EMBASSY OF THE UNITED STATES,

Berlin, January 6, 1903. (Mr. Tower reports the receipt from the German minister for foreign affairs of the following memorandum:

The German Government has learned with satisfaction that the Venezuelan Government has accepted its demands in principle. Before further negotiations can be undertaken with Venezuela, however, it seems necessary that the President of Venezuela should make a definite statement as to the unconditional acceptance of the three preliminary conditions set forth in the German memorandum of December 22, 1902. He will also have especially to declare how he intends either to pay or to secure the claims set forth in paragraph 1. On receipt of a satisfactory assurance from the Government of Venezuela the German Government will be prepared to instruct its ambassador in Washington to open negotiations with Mr. Bowen as representative of Venezuela, and to consider his proposition in regard to an adjustment. These propositions may relate to an immediate settlement or to a reference to The Hague tribunal of all claims, except, of course, those mentioned in paragraph 1. The German Government makes the condition, however, that the discussion of any proposition for immediate payment shall not prejudice the right of reference to The Hague tribunal.

The German Government will be very greatly obliged to the Goyernment of the United States if it will transmit the foregoing reply to President Castro.)

Mr. Tourer to Mr. Hay.

No. 17.].

EMBASSY OF THE UNITED STATES,

Berlin, January 8, 1903. Sir: I have the honor to inclose to you herewith a copy and a translation into English of the reply of the German Government to President Castro, which was sent to me in a memorandum from the Imperial foreign office on the 6th of January, 1903.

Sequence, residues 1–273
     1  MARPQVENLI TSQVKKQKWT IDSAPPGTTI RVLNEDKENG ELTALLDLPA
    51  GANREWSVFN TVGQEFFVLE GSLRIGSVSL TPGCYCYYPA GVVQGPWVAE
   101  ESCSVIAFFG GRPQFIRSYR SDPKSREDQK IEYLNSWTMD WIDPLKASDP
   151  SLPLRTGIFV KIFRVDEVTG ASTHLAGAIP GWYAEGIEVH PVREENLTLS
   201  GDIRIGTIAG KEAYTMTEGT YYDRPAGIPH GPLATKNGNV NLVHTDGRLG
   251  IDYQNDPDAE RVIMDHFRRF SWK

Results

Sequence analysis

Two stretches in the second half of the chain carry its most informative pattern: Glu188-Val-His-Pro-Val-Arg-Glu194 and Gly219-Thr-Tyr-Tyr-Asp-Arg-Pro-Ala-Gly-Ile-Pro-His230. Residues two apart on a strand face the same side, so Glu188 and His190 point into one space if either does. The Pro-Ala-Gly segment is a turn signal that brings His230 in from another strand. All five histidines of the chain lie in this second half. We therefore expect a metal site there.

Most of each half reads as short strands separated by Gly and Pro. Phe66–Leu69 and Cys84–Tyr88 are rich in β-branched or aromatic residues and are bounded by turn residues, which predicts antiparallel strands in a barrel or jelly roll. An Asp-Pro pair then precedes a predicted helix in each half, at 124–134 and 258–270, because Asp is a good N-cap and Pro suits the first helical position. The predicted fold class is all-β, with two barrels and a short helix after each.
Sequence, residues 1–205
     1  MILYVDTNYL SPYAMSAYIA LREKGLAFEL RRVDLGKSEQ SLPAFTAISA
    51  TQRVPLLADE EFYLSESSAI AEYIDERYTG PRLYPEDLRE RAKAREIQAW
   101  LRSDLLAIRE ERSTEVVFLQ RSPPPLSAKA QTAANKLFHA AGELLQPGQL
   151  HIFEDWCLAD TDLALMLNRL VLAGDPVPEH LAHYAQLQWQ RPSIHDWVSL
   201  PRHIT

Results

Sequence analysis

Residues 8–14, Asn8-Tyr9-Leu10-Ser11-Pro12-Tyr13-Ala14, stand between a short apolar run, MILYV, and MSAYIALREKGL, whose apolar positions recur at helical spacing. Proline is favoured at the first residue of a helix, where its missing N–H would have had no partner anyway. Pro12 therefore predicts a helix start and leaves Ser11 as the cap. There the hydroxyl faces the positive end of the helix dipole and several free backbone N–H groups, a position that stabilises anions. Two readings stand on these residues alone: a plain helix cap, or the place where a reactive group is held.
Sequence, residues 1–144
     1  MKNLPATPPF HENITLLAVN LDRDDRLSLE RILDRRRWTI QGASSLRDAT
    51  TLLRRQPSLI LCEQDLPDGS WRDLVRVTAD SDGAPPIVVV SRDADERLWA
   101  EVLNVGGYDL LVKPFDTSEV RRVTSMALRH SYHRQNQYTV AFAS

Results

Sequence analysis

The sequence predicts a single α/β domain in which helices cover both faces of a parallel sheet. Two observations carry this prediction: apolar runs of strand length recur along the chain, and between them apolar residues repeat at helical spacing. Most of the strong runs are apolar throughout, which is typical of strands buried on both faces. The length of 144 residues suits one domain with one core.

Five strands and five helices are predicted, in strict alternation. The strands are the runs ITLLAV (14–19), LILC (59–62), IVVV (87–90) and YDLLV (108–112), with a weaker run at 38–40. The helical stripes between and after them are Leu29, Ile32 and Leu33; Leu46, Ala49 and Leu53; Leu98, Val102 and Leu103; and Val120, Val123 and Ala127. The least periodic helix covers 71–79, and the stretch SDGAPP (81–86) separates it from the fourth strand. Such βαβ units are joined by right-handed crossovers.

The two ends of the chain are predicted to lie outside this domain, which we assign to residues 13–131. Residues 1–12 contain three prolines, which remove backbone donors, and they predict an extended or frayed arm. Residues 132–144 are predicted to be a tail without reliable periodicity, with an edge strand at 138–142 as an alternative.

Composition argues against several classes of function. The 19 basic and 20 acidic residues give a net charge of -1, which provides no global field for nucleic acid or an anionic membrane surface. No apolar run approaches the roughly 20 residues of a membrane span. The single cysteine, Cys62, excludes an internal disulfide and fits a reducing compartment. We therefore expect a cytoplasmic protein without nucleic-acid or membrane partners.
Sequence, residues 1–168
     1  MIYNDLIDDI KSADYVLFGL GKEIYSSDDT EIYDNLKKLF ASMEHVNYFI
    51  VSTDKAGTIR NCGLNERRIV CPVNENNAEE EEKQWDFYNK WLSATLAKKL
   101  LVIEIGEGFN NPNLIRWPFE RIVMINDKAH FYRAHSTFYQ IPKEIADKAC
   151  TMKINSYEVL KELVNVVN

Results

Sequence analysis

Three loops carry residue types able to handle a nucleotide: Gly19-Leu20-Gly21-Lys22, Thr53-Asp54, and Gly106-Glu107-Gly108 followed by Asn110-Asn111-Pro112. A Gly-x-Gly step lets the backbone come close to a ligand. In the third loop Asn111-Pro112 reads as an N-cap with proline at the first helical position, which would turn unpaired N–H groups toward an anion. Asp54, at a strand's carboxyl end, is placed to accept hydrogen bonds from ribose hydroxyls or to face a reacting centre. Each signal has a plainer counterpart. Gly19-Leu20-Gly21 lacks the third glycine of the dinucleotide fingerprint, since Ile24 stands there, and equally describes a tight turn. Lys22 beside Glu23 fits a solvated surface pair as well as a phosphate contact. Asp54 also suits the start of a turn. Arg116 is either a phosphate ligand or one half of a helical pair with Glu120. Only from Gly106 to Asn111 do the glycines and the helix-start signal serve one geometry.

Immediately upon receipt of this memorandum I communicated it to you in a telegram.

I received on the 6th of January your telegram announcing the fact that you had then received the reply of Great Britain which appointed the British ambassador in Washington to treat with Mr. Bowen. I have, etc.,

CHARLEMAGNE TOWER.

[Inclosure.- Translation.]

Memorandum sent to Mr. Touer by the Imperial German foreign office, January 6, 1903.

MEMORANDUM.

The German Government has learned with satisfaction that the Venezuelan Government has accepted its demands in principle. But, before further negotiations upon this basis can take place with Venezuela, it seems necessary that President Castro should make a definite statement as to the unconditional acceptance of the three preliminary conditions set forth in the German memorandum of December 22, 1902. He will have also to declare especially in what manner he intends either to pay or to secure the claims set forth in paragraph 1.